About to Work/Live Abroad? Take the Modern Language Aptitude Test

Find Out How Quickly You Can Master Foreign Languages and How to encounter Such An Aptitude Test?

Do you know what modern language aptitude test, MLAT™, is for?

If anytime soon you see yourself working and/or residing in a country where the locals speak a different language, do delay having those passports stamped --- until you’ve taken the Modern Language Aptitude Test. This test can help you determine whether or not you’ll find it a breeze to master a foreign language, or you have learning difficulties/disabilities related to language acquisition. Given how important it is to communicate well, especially while adjusting to unfamiliar territory, taking the time to take an aptitude test on language learning will be worth your while.

An Overview of the Modern Language Aptitude Test

The Modern Language Aptitude Test, commonly abbreviated as MLAT™, was developed originally as a tool the Armed Forces can use to find people with language learning potential. The tool has since been used across various contexts, and at present is owned by a non-profit organization called Second Language Testing Foundation, Inc. The MLAT™ may be taken by both children and adults alike. The protocol includes a tape recording of instructions; this is in order to standardize the content, delivery and timing of directions given to examiners.

A person’s MLAT™ score is generally considered as valid for a period of 5 years, although special circumstances (e.g. test-taker’s fatigue, environmental disruption) may justify a re-take.

Test Questions

The MLAT™ is made up of five sections, each one measuring a specific proficiency related to acquiring new language.

In Number Learning, test-takers have to learn one and two digit numbers using a new language. The test begins by the administrator explaining how one digit numbers are said in the new language, e.g. “ba” can stand for the number one, while “baba” means two. Afterwards, the instructor would teach how to create two digit numbers. For instance, if the word twenty is to be expressed as “tu,” then the numbers 21 and 22 is to be expressed as “tu-ba” and “tu-baba” respectively. The test proper begins with the administrator presenting numbers in the new language, while the examiner writes down its Roman numeral translation.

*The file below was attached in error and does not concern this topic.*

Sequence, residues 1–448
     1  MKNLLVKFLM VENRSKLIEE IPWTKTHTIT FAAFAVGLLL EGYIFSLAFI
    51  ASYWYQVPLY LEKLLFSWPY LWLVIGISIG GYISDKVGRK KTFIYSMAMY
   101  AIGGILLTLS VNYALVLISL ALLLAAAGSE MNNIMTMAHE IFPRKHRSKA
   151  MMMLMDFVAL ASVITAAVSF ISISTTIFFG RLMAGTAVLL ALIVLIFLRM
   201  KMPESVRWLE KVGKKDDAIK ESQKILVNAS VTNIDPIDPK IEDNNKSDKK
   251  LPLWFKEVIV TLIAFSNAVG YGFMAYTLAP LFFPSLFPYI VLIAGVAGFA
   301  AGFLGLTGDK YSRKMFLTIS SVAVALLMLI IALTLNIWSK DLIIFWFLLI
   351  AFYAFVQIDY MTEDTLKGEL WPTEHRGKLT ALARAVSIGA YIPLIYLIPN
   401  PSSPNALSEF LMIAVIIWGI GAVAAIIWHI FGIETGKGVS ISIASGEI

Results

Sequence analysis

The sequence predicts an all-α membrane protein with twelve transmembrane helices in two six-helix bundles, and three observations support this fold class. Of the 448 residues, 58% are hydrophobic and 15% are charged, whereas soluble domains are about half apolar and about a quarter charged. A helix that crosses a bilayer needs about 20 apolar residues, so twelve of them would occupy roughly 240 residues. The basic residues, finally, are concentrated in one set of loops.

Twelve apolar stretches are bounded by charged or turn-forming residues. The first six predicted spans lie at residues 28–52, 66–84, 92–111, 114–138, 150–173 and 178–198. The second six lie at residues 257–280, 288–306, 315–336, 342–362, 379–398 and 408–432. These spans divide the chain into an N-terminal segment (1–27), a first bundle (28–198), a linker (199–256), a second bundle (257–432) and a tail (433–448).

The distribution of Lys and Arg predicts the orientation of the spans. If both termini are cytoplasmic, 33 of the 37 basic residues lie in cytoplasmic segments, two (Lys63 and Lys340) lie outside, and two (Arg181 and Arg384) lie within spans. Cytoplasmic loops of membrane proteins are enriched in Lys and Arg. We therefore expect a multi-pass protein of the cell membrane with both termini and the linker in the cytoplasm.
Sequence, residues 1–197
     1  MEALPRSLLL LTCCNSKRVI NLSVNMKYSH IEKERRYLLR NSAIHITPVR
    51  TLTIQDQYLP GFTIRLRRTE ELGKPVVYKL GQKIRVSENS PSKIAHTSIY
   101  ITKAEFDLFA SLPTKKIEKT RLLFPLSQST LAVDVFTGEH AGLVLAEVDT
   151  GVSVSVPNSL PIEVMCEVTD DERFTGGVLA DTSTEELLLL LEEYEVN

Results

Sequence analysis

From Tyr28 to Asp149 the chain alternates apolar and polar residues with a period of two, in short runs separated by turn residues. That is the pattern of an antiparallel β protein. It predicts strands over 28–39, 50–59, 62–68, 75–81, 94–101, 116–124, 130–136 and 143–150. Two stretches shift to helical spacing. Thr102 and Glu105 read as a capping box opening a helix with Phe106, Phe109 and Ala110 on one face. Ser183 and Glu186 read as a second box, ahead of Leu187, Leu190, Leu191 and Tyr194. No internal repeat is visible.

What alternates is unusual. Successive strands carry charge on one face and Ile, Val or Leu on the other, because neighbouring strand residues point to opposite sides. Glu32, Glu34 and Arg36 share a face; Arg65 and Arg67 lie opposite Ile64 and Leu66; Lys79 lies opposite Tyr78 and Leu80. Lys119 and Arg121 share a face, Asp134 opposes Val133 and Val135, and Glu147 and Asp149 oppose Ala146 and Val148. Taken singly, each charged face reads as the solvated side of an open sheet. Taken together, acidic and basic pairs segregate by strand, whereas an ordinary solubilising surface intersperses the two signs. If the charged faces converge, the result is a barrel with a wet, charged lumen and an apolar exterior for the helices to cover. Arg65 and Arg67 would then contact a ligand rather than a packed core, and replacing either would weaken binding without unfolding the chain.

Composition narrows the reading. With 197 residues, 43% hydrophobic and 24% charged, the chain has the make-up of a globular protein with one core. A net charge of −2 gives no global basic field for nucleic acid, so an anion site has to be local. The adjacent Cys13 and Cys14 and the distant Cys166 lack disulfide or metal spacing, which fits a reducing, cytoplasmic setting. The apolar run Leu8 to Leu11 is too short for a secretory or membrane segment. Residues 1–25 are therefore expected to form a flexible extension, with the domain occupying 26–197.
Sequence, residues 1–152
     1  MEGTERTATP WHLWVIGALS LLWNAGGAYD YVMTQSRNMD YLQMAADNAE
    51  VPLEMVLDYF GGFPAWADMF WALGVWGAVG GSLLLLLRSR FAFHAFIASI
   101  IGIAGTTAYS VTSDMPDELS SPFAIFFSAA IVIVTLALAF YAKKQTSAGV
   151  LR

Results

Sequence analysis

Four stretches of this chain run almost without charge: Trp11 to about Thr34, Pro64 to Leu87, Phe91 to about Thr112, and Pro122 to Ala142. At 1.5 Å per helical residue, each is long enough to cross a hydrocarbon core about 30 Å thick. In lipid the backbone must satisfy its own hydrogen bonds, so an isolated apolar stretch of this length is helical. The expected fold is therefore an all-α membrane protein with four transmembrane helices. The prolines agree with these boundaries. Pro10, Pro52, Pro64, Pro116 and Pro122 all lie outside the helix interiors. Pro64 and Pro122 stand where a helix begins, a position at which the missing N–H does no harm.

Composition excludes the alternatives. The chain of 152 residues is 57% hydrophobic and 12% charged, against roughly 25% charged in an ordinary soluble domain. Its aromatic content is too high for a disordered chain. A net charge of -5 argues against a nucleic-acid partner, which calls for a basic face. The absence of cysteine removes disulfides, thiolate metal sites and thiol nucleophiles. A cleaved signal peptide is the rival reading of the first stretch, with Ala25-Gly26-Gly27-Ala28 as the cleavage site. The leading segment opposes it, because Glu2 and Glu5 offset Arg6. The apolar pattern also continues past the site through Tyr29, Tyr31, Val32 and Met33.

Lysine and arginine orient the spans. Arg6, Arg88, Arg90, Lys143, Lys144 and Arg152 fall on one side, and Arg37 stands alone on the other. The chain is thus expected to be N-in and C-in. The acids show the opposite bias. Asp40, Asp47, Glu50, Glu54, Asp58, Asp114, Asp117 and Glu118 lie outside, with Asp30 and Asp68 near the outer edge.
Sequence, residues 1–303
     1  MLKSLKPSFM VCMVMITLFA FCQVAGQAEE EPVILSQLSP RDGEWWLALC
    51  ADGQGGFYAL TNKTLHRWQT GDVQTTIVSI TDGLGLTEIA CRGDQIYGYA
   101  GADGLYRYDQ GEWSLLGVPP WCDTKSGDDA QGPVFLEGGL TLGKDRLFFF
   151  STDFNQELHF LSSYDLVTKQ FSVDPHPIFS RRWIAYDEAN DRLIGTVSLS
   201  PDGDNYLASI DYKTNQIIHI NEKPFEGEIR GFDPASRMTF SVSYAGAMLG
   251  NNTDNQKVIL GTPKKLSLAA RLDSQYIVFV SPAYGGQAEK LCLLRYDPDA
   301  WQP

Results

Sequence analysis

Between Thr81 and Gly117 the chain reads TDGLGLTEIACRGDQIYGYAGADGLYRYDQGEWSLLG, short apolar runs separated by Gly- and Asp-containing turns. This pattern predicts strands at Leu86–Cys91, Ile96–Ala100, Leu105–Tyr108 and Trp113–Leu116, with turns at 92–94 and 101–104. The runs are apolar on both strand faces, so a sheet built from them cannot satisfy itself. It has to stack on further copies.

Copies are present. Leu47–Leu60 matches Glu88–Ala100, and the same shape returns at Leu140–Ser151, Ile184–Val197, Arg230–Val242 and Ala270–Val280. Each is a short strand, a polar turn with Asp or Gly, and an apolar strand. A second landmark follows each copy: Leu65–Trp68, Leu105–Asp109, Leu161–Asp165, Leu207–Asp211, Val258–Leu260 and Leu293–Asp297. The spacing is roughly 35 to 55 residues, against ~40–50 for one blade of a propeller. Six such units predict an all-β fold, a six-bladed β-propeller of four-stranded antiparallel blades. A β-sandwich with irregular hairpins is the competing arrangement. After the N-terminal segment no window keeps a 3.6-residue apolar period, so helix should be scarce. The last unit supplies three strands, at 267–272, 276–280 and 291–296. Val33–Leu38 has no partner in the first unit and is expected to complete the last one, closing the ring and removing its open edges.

Phonetic Script, on the other hand, requires examiners to differentiate among words that may look the same but sound different, e.g. “cot” and “cut.” The proctor begins by familiarizing the examiner with the phonetic symbols associated with each sound. In the test proper, the examinee has to write down the phonetic symbol for the sound he or she hears from the examiner.

The third section of MLAT™, called Spelling Clues, is a time-pressured exercise. English words are presented in written form to the examiner, all of which are spelled incorrectly --- they are spelled according to how they sound. The task of the examiner is to select the meaning of the misspelled word for a list of choices.

Part 4 “Words in Sentences” requires a bit of inductive reasoning. In this part, examinees must carefully analyze sentences in order to surface the syntax it follows. Afterwards, examiners must be able to apply these syntax rules into new sentences by way of analogy.

The last part, Paired Associates, is a memory test. Examiners are given two minutes to memorize a set of 24 “foreign” words and their meaning in English. Afterwards they have to answer multiple choice questions related to the meaning of the words included in the list.

The Truth about Learning New Languages

Learning new languages can be a challenge. If you’ve ever had to learn a foreign language in college, you already know the task isn’t as simple as it seems.

To begin with, not all languages follow the same rules of syntax. Some languages, for example, have standard verb forms for all subjects, while other languages have specific verb forms for single, plural, male, female, animate and inanimate subjects. There are also times when phonemes common to the language you’re learning don’t even exist in your native tongue! The further a new language is --- structurally and phonetically --- from one’s own native speech, the more difficult it is to grasp. Hence, it’s easier for a German speaker to learn Danish, than for him or her to learn English.

Which is not to say that learning a new language is impossible! In fact, studies show that even adults can understand and speak as many languages as he or she wants to learn --- if only given time, effort and motivation. This is good news for those whose profession or lifestyle demands constant new language learning. And with the Modern Language Aptitude Test, you won’t have to wonder; you can measure your aptitude for new language learning.

Practice with Free Aptitude Tests

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